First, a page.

Q&AZN: SAD ASIAN GIRLS / by Kathleen Tso

For this month's Q&AZN, we had to spotlight one of our bigger Internet crushes out there. We first discovered Sad Asian Girls (SAG) last year when we were searching online for platforms and allies in the same vein as Banana. The bold illustrations, unwavering point of view and inclusive content sold us in immediately. 

A followback and numerous double taps later, we took our Instagram affair on email and asked to interview the women behind SAG, Olivia Park and Esther Fan.  

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Olivia Park and Esther Fan are founders of Sad Asian Girls,

an alias used to produce activist art projects that revolve around experiences living in Western environments as East-Asian girls.

Heritage: Korean-American and Taiwanese-Canadian, respectively

How did you get SAG started? 

Esther:
 After we uploaded Have You Eaten? We got a lot of feedback from our peers saying they resonated very much with it and we gradually grew a small following; we decided to continue working together to make work that people like us could resonate with.

Olivia: SAG started out of anger and sadness. We try to channel these frustrations into our work, which in turn can become something that like-minded viewers can find solace, solidarity, or entertainment in.

 

How has heritage influenced your creativity? Whether it be your style, work ethic, values, etc. 

Olivia: Sometimes it’s easy to say the bad things that come with cultural dualities. I think I’m still lucky in many ways to come from a lovely Korean background. I grew up handling and making so many different cuisines. I ate a lot of Korean and Japanese food growing up in addition to western foods. I grew up wearing both Korean and Western apparel. I celebrated American parties and I also got dol’s (1st birthdays) and janchis (feasts). It’s inevitable that these experiences in life have organically contributed to developing my senses. I am inspired to keep including and preserving these values/traditions into my work, even if it may not necessarily be so blatant to the eye. I think the morals of an artist will one way or another reflect in the work. I find it necessary for influential creatives to have a political stance.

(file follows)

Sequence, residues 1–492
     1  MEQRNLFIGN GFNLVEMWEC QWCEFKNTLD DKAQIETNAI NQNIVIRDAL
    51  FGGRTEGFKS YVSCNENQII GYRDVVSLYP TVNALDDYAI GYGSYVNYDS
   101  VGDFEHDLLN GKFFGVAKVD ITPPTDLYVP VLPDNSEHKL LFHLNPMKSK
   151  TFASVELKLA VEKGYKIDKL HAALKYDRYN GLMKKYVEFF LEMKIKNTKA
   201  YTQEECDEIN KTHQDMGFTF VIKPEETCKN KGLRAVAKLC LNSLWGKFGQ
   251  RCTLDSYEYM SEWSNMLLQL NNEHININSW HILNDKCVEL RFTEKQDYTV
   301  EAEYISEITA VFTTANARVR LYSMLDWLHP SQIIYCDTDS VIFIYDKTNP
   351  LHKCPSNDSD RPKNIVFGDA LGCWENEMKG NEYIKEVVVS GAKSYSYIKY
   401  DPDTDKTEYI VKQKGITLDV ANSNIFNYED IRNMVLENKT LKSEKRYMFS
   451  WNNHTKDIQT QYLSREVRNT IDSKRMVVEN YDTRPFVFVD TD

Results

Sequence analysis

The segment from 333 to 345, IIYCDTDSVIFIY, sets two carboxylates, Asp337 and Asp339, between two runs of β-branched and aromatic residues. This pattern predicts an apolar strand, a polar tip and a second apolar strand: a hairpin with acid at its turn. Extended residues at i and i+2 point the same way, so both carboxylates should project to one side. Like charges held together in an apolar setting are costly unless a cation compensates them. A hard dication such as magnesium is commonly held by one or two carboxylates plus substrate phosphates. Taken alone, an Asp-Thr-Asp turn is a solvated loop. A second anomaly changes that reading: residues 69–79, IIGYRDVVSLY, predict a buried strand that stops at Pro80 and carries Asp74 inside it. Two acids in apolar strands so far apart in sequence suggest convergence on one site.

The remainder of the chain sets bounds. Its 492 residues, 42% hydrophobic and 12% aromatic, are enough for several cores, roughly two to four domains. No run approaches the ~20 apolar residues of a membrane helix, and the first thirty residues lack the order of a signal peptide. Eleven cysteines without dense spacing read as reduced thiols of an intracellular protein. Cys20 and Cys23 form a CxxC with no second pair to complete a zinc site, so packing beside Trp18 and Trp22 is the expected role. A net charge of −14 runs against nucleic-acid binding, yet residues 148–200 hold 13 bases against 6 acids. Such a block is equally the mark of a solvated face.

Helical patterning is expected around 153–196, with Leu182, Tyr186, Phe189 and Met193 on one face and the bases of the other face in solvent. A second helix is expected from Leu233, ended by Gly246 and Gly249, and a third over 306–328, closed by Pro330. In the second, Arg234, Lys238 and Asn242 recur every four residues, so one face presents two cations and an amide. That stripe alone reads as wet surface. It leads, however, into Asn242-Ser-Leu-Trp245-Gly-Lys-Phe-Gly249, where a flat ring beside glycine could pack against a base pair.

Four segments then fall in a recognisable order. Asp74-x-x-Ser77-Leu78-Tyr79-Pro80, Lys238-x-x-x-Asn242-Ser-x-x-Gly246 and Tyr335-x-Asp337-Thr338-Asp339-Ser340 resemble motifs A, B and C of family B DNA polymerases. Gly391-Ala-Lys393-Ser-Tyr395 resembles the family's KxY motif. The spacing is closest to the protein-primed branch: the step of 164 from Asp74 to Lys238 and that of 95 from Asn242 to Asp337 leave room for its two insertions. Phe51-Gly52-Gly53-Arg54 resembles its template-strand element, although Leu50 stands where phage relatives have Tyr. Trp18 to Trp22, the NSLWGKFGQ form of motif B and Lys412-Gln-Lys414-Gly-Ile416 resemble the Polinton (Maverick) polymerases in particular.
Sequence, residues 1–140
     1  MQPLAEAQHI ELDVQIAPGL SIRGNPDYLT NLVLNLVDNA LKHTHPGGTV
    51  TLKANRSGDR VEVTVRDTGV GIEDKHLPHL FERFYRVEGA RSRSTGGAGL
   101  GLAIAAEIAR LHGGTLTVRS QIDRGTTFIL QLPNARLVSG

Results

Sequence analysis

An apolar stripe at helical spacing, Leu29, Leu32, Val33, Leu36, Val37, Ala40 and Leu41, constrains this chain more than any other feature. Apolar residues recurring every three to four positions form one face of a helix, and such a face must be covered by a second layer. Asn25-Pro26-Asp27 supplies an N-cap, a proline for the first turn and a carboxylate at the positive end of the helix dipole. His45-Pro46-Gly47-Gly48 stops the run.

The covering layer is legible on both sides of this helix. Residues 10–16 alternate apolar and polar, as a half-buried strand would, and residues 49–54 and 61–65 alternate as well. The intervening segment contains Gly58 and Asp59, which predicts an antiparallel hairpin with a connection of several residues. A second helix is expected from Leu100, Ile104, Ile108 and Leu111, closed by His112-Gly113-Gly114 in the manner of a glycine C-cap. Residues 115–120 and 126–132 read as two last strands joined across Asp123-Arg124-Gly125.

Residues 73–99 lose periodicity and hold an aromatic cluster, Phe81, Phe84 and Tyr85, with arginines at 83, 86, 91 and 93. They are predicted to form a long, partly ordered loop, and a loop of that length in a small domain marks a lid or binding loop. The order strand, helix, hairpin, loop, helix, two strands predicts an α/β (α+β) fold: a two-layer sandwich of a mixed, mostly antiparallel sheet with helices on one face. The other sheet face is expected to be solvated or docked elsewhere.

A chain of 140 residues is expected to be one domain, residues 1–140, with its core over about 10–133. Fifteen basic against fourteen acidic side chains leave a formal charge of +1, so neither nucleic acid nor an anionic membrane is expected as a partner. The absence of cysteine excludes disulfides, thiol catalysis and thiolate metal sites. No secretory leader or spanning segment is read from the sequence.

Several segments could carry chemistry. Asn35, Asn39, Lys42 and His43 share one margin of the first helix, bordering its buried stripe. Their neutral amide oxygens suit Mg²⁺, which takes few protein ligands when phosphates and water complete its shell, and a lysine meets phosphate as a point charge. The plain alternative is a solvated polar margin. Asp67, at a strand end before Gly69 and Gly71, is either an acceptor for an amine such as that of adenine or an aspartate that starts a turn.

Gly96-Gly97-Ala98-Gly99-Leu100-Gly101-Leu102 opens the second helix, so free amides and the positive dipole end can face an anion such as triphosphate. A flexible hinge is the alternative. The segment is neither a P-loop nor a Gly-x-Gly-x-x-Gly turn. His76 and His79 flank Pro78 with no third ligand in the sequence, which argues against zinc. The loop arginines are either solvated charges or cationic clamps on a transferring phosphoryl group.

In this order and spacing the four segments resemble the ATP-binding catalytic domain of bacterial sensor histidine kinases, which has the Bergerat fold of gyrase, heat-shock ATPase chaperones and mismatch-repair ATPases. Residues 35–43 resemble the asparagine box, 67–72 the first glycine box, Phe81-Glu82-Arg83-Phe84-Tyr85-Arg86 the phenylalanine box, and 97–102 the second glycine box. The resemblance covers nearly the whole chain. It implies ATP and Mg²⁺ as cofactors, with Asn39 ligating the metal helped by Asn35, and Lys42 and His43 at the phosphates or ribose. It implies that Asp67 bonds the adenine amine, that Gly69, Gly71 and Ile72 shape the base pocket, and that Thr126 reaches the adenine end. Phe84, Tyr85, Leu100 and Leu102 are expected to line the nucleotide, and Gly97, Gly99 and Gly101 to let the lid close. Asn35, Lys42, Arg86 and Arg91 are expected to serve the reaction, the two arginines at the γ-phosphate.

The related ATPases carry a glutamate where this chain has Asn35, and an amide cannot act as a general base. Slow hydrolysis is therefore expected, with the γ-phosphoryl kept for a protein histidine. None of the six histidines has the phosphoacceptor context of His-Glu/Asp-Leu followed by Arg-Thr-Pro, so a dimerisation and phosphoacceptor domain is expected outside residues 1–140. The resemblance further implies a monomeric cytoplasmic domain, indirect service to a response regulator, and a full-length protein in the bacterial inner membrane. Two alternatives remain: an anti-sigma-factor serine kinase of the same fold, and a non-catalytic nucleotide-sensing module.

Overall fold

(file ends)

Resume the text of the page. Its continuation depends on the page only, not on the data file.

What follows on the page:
Esther: I’m not sure; I’d never really become familiarized with Taiwanese culture nor Canadian culture (whatever that is). I grew up in a city filled with either recent immigrants (or FOBs, as we called them) or Asian-Canadians, who had very specific personalities/attitudes. I never really fit in with either of these groups, despite many efforts to do so. Maybe it was this confusion and out-of-placeness that’s contributed to my work today. I definitely can say the way my mom raised me was to place emphasis on speed, efficiency, and make sure never to be a burden or inconvenience. That probably has something to do with the way I work too.


What motivates or inspires you to do the work that you do? 

Esther: Closely and constantly interacting with our community and followers always keeps me learning and motivated to make something worthwhile; running a 4000+ member group full of constant social and political discussions has allowed me to unpack and think about a lot of issues Asian people deal with as well as start understanding the needs for this community.

Olivia: It’s all about the people that I speak with and the relationships I’m able to have that keeps me going. I’m not so sure if I would’ve ever connected with the encouraging and inspirational femmes that I have so far if Esther and I didn’t publicize the work we made. Our stories have become a foundation for conversation. Empathy and connection is necessary. No one should have to feel alone.


Why do you think it's important that platforms like Banana and SAG exist?

Olivia: I think the documentation of these  web and print-based projects that we’ve created is critical. Everything we have made and published so far is a mark we’ve made for future folks to look back to and reference. Experiences will repeat themselves as reincarnations. The work of SAG is created and made not only for the present but to live on in the future with a life of its own. I wouldn’t doubt that this applies to Banana magazine too.


Esther: Asians in Western spaces don’t often have a large presence in social/political discourses, although there have been similar movements/platforms to Banana and SAG in the past (I’m thinking about Gidra). I think Asian solidarity maybe often falls short because there are a lot of internal issues to be dealt with within the Asian community that aren’t talked about enough; when people want to be Asian activists their go-to is talking about our relationship with whiteness, rather than our complicity in anti-blackness or colorism in our own communities. I think having platforms for us to begin talking about these things in the first place is a good step; this way we can educate and learn from each other and begin to expand our knowledge and intersectionality.

Who is a Banana you look up to?

Alice Longyu Gao and Elizabeth Wirija


Plug us in- where do we find SAG on the Internet?

@sadasiangirls (Instagram and Twitter)

Sad Asian Girls (Facebook page)

Sad & Asian (Facebook group run by Esther)

www.sadcontent.com (website)